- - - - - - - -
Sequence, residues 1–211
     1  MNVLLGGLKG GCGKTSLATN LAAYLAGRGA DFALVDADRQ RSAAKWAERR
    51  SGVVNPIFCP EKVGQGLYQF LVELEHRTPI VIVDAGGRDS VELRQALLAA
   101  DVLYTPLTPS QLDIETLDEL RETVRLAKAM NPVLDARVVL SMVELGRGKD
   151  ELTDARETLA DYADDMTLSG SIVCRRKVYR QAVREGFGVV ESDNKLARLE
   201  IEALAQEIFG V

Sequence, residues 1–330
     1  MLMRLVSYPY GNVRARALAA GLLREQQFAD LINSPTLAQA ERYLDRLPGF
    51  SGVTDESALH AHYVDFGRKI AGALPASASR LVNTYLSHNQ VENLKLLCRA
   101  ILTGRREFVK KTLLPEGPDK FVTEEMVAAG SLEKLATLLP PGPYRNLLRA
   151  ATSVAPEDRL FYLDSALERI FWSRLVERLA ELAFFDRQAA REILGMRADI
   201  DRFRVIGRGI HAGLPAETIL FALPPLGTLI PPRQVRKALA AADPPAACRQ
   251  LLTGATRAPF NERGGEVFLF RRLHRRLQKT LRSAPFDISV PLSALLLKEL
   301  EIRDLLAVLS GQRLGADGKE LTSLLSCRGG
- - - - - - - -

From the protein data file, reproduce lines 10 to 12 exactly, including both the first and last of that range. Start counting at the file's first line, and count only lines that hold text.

   101  ILTGRREFVK KTLLPEGPDK FVTEEMVAAG SLEKLATLLP PGPYRNLLRA
   151  ATSVAPEDRL FYLDSALERI FWSRLVERLA ELAFFDRQAA REILGMRADI
   201  DRFRVIGRGI HAGLPAETIL FALPPLGTLI PPRQVRKALA AADPPAACRQ